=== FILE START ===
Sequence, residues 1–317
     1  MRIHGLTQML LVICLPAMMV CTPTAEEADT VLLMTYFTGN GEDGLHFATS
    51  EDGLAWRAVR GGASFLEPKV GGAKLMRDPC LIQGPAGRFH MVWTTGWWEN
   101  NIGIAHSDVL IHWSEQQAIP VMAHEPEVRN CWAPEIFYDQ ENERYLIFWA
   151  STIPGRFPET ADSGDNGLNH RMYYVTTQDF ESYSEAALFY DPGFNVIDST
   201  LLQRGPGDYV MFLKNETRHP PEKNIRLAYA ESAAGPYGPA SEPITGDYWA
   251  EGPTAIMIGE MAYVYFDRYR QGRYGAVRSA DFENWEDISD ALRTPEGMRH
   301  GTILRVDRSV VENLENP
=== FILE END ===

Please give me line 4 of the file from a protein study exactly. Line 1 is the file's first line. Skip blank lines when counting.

   101  NIGIAHSDVL IHWSEQQAIP VMAHEPEVRN CWAPEIFYDQ ENERYLIFWA